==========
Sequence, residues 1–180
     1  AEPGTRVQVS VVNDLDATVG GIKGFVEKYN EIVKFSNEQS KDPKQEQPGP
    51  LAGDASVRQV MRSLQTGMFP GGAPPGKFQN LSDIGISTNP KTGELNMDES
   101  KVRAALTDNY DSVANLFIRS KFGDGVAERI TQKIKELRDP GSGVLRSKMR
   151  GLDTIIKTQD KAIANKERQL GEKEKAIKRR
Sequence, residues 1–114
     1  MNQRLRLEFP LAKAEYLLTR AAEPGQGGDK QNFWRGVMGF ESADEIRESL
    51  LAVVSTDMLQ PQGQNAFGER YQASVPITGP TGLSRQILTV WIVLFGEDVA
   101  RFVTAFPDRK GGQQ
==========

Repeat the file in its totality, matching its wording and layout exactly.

Sequence, residues 1–180
     1  AEPGTRVQVS VVNDLDATVG GIKGFVEKYN EIVKFSNEQS KDPKQEQPGP
    51  LAGDASVRQV MRSLQTGMFP GGAPPGKFQN LSDIGISTNP KTGELNMDES
   101  KVRAALTDNY DSVANLFIRS KFGDGVAERI TQKIKELRDP GSGVLRSKMR
   151  GLDTIIKTQD KAIANKERQL GEKEKAIKRR
Sequence, residues 1–114
     1  MNQRLRLEFP LAKAEYLLTR AAEPGQGGDK QNFWRGVMGF ESADEIRESL
    51  LAVVSTDMLQ PQGQNAFGER YQASVPITGP TGLSRQILTV WIVLFGEDVA
   101  RFVTAFPDRK GGQQ